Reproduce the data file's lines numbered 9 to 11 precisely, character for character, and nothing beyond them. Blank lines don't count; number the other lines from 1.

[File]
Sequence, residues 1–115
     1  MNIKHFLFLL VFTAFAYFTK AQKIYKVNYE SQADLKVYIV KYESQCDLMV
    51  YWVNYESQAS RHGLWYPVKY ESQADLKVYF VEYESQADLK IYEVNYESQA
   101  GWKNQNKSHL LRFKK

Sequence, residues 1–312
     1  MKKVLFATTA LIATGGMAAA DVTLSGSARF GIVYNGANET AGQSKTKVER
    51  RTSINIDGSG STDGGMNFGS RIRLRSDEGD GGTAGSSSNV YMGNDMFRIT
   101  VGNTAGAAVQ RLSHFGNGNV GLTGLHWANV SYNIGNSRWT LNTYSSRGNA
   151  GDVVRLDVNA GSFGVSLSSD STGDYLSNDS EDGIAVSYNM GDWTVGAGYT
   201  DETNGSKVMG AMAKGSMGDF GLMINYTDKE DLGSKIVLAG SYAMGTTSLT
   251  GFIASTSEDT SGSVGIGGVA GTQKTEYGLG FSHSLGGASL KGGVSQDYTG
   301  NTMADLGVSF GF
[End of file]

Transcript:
   151  GDVVRLDVNA GSFGVSLSSD STGDYLSNDS EDGIAVSYNM GDWTVGAGYT
   201  DETNGSKVMG AMAKGSMGDF GLMINYTDKE DLGSKIVLAG SYAMGTTSLT
   251  GFIASTSEDT SGSVGIGGVA GTQKTEYGLG FSHSLGGASL KGGVSQDYTG